When you quote poetry, you must show the line division.  Two lines of poetry are divided by a slash mark (with a space on either side):  "I will arise and go now, and go to Innisfree, / And a small cabin build there, of clay and wattles made."  You will need to keep the capitalization at the beginning of the second line.  Longer quotations  are indented one inch from the left margin, with each line of poetry beginning a new line. This indentation takes the place of quotation marks:

 

I will arise and go now, and go to Innisfree,

And a small cabin build there, of clay and wattles made:

Nine bean-rows will I have there, a hive for the honey-bee,

And live alone in the bee-loud glade.

 

When the quotation is four or more lines of prose, it too is set off by indenting from the left hand margin.

 

Name the author in your tag and then follow each quotation with the page number of the source in parentheses.  When referring to a primary source in your textbook, you need not give a page number for summary of bits of the story.  You do need to give credit for both direct and indirect quotations of secondary sources by identifying the author and the page number.  If you quote more than one work by the same author, you must identify the work quoted, usually by an abbreviation or short title, either in the tag or in the parenthetical attribution.  After short quotations, the final period is placed after the parentheses; after long, indented quotations, the final period comes before the parenthetical attribution.  Additional examples are shown below.

 

Here is a brief passage from Henry David Thoreau's Walden:

 

A single gentle rain makes the grass many shades greener.  So our prospects brighten on the influx of better thoughts.  We should be blessed if we lived in the present always, and took advantage of every accident that befell us, like the grass which confesses the influence of the slightest dew that falls on it; and did not spend our time in atoning for the neglect of past opportunities, which we call doing our duty.  We loiter in winter while it is already spring.  In a pleasant spring morning all men's sins are forgiven.  (638)

 

Note that Thoreau does not appear in the parentheses at the end because the introduction tells us the passage is from Thoreau.  When the quotation is indented from the main text, the last period comes before the parentheses.  (Otherwise, the parenthetical attribution would seem to be part of the quotation.)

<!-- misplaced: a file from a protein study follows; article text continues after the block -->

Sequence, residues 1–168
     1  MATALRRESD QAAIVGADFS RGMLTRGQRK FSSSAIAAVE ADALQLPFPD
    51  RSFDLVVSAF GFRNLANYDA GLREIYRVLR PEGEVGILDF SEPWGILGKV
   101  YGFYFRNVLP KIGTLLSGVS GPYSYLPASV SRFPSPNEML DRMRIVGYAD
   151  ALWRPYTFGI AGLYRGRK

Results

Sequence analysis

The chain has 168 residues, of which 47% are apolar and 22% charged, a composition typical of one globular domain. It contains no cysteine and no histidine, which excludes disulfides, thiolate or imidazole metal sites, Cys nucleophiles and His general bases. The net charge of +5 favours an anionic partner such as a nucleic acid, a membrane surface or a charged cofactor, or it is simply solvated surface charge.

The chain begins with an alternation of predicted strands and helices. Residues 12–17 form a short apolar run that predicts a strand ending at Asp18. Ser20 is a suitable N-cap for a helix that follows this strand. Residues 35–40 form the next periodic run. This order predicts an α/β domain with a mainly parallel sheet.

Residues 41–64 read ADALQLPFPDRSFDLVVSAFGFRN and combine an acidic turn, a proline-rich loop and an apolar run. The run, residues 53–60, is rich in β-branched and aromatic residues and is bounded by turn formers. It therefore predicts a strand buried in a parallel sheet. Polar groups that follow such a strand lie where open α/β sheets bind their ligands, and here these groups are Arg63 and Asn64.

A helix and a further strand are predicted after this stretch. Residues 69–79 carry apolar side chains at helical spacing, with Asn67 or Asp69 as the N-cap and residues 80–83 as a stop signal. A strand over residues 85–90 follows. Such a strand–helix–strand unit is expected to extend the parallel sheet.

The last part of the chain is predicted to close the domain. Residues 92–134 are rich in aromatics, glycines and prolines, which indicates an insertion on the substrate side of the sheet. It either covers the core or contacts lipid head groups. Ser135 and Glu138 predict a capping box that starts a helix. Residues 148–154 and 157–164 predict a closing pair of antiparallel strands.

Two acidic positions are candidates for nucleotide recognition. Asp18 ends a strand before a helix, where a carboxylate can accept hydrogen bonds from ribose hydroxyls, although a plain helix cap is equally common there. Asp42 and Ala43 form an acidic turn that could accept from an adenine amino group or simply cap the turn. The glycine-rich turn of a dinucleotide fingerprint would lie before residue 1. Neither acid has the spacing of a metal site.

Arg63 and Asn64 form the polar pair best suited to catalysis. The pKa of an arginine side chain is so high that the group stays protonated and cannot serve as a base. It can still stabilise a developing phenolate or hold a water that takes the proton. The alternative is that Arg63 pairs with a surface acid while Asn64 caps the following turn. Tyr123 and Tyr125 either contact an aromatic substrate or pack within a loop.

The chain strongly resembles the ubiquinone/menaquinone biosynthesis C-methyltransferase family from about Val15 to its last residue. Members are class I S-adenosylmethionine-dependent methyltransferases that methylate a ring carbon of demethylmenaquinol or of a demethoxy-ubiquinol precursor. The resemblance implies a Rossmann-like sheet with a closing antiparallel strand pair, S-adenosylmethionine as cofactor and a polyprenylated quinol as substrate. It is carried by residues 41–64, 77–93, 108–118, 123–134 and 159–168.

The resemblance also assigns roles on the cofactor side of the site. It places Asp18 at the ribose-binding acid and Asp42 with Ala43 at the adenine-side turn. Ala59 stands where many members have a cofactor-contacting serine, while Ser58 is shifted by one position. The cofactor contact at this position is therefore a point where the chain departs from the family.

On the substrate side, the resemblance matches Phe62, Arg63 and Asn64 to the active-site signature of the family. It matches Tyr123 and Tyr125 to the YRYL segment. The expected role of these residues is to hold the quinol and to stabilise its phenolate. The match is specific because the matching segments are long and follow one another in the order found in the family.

Summarizing the passage given above:  In order to summarize without plagiarizing, read a few lines, turn the book on its face, and put the ideas in your own words.  If you try to put the ideas in your own words while looking at the book, you will probably copy sentence structures at least.  Exchanging a few words for synonyms will leave you too close to your original.  Don't look at your source while you are putting it in your own words.  Here is an acceptable summary of the above passage:

 

Thoreau compares the difference a bit of rain or dew makes on grass to the difference thinking happy thoughts makes in our sense of well-being.  He says that because we grieve over our past wrongdoing we act as if it is winter when spring has come; we need to forgive ourselves the sins of the past and live in the present (638). 

 

Note that the page number is still given, as the idea comes from Thoreau.  His name is not in the parentheses because it is given at the beginning of the passage.  There are no quotation marks because Thoreau's idea is given but not his words.  When the quotation is not indented, the period comes after the parentheses.

 

If you do not name the author in introducing the quotation, then you must do so in the parenthetical attribution. Note that there is no comma between author and page number:

 

Here are some beautiful lines:  "Only that day dawns to which we are awake.  There is more day to dawn.  The sun is but a morning star" (Thoreau 648).

 

It is usually better style to name the author in the introduction to the quotation.